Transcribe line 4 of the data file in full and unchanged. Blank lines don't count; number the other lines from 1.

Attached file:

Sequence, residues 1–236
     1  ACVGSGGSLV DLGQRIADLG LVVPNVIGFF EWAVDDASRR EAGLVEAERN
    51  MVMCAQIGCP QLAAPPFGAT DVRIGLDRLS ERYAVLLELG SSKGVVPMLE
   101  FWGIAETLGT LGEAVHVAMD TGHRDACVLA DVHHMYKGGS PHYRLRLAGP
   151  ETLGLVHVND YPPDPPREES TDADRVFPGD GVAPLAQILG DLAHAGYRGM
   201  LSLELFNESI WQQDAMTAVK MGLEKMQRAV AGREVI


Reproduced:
   101  FWGIAETLGT LGEAVHVAMD TGHRDACVLA DVHHMYKGGS PHYRLRLAGP